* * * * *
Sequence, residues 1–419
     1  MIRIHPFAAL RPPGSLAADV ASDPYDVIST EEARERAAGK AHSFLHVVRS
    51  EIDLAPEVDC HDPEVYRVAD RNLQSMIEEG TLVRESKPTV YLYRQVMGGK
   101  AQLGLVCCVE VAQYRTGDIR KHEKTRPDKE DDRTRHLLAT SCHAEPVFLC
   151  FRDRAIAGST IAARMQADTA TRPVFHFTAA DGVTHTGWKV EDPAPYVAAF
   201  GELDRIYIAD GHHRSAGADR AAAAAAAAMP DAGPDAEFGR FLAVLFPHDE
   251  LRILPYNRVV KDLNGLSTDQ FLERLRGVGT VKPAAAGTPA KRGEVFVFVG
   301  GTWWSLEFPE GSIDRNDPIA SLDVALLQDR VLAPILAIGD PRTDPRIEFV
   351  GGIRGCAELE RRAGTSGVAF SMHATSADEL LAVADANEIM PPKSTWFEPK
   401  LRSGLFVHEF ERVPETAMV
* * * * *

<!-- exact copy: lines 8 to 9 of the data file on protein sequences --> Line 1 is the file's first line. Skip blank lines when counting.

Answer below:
   301  GTWWSLEFPE GSIDRNDPIA SLDVALLQDR VLAPILAIGD PRTDPRIEFV
   351  GGIRGCAELE RRAGTSGVAF SMHATSADEL LAVADANEIM PPKSTWFEPK